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Supernatural/CW

Why ‘Supernatural’ fans are freaking out about the show’s Spanish dub

A new Spanish translation puts a different twist on a pivotal scene.

 

Gavia Baker-Whitelaw

Internet Culture

Published Nov 25, 2020

Appropriately enough, the TV show Supernatural is managing to cause drama from beyond the grave. Although the series finale aired last week, the fandom is exploding once again due to a Spanish-language version of an earlier (extremely spoilery) episode. It offered a very different interpretation of a pivotal scene: the angel Castiel confessing his love to Dean Winchester. In English, Dean doesn’t reciprocate. But in Spanish, he seemingly does.

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For over a decade, fans have campaigned for Destiel (Dean and Castiel) to become a couple, causing friction with the showrunners’ image of Dean as a staunchly heterosexual man. Two episodes before the finale, Supernatural answered that question in the most controversial way possible. Castiel confessed his love to Dean before immediately dying and being sucked into a hell dimension—a narrative choice that many people felt was comically homophobic, tying into the “bury your gays” trope. Then in the series finale, Dean died and went to heaven (with his car!) while Castiel remained offscreen. The show made sure to keep the two characters apart, resulting in a rather unsatisfying ending. It was the final cherry on top of Supernatural‘s iconic reputation for queerbaiting.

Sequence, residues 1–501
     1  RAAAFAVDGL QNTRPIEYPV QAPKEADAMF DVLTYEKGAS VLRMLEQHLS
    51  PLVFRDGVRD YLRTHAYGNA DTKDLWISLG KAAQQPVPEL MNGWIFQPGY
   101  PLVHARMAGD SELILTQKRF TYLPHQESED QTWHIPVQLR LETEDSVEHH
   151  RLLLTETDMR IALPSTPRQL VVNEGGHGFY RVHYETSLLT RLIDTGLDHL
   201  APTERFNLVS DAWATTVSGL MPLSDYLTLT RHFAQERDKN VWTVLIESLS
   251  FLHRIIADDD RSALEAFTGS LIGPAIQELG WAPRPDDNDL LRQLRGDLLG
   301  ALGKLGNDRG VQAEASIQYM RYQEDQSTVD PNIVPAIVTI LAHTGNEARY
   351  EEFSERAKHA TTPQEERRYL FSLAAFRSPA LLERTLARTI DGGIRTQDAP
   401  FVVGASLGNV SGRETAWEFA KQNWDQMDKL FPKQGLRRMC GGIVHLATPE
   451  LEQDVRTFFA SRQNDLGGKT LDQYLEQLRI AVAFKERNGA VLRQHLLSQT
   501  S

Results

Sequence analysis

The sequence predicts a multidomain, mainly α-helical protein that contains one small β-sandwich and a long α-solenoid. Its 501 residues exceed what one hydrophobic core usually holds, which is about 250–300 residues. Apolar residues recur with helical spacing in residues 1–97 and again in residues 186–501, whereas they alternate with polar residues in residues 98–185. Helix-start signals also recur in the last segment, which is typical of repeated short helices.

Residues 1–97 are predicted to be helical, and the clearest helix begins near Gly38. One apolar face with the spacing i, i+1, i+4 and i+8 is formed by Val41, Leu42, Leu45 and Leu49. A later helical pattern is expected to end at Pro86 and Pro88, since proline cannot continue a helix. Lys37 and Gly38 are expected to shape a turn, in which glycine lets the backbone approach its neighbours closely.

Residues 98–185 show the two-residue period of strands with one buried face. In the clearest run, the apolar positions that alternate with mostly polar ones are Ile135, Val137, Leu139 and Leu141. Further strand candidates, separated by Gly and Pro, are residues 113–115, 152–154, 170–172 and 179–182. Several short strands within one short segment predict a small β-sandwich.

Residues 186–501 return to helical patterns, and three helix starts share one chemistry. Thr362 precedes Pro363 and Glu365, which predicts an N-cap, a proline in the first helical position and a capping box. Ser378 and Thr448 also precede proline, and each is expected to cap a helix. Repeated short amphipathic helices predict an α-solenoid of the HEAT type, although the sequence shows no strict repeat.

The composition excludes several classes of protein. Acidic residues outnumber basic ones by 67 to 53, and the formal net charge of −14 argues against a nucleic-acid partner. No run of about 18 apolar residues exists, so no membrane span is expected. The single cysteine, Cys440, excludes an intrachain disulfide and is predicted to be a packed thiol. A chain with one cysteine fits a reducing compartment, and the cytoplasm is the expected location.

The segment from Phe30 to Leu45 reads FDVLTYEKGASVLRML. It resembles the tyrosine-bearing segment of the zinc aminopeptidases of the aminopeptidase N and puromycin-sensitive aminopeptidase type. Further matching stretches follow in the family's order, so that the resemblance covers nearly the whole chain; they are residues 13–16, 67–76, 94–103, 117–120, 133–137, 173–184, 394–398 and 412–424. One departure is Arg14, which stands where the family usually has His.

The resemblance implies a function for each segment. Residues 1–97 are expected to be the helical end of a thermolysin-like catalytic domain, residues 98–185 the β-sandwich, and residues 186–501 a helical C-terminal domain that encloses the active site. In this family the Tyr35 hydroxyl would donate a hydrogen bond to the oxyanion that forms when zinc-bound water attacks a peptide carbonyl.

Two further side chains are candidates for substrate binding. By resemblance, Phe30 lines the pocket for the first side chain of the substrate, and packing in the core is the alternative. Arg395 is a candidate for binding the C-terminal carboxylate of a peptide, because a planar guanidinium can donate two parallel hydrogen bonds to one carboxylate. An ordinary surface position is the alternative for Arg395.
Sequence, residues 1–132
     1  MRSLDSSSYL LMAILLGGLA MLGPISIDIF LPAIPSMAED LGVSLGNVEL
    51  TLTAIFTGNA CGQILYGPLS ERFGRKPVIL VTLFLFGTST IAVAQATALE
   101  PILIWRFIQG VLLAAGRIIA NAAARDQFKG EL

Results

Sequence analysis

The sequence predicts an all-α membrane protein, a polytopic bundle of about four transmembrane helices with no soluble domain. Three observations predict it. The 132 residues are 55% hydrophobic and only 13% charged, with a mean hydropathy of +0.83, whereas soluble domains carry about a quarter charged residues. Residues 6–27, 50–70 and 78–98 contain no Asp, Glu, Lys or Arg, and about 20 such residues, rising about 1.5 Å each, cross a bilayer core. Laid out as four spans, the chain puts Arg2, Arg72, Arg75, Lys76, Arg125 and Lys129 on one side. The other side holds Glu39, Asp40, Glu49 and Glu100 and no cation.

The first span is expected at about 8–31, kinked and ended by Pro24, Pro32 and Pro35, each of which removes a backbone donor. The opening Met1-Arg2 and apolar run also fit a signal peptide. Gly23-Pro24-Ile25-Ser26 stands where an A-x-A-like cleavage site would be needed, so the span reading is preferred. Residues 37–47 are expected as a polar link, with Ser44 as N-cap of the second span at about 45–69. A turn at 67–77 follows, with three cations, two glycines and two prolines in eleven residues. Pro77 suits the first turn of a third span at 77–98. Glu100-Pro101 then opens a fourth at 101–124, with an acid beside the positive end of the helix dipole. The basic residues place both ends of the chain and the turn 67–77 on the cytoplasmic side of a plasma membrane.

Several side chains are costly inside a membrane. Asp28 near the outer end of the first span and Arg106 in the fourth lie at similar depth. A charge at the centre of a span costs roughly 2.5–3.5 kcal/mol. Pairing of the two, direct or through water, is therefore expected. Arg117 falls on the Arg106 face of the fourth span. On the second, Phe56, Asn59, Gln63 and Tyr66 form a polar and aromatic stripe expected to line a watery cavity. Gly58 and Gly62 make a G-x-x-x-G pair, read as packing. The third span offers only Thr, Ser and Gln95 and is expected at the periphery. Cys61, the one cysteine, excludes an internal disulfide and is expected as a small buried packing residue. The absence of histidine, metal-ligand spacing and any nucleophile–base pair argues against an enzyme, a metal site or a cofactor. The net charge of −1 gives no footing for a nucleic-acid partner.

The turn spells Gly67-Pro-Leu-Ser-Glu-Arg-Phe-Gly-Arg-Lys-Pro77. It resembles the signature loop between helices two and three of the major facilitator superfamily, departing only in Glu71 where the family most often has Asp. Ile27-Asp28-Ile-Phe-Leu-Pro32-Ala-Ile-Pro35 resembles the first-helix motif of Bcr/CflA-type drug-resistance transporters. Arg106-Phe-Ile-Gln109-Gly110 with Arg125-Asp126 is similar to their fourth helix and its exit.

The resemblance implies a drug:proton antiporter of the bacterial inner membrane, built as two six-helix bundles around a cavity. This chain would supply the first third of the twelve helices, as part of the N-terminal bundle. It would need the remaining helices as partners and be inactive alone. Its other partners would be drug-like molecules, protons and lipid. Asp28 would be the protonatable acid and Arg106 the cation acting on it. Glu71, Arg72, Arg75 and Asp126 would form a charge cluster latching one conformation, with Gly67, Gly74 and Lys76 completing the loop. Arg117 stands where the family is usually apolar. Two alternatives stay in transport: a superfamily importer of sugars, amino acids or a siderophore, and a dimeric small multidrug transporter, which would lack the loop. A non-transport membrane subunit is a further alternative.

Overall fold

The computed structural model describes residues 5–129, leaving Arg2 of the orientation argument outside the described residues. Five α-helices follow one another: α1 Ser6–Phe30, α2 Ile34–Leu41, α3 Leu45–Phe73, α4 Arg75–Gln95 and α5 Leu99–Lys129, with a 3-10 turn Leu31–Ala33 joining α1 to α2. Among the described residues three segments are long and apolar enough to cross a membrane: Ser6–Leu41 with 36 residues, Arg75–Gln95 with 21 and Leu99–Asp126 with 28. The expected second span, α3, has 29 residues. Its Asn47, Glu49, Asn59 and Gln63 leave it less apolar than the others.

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Like many popular shows, Supernatural is dubbed into other languages. It has a big Spanish-speaking audience, and episodes air in Spanish on the Warner Channel a couple of weeks after they air in English. This gave English-language Supernatural fans plenty of time to analyze every molecule of Castiel’s confession scene before the Spanish translation knocked it out of the water. In English, Castiel says “I love you,” and Dean replies with, “Don’t do this, Cas.” Meanwhile in Spanish, Castiel says “Te amo,” (“I love you.”) while Dean says “Y yo a ti,” (“And I you.”) This puts a completely different spin on the scene.

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After 15 years on air, Supernatural has a colossal presence in Western TV fandom, especially on Tumblr, a hub for queer fandom and shipping. That’s partly thanks to Destiel, a pairing that perfectly illustrates the divide between audiences who want to see queer love stories on TV and creators who have other plans in mind. Much like with Sherlock, some fans kept watching because they thought these two characters would get a happy ending together. And when they didn’t, those fans were extremely disappointed.

Supernatural’s ending inspired a ton of backlash, fanfiction, and conspiracy theories about what “should” have happened instead. This Spanish translation is feeding into those conspiracy theories, shared on the hashtag #TheySilencedYou. Some fans are even accusing the CW of “censoring” the English episode, theorizing that the Spanish translation was based on an earlier version of the script. They believe the Spanish dialogue represents a “real” version of canon that wasn’t allowed to air on the CW. (This clashes with the fact that the CW airs plenty of shows with queer leads, including Batwoman, Riverdale and Roswell: New Mexico.)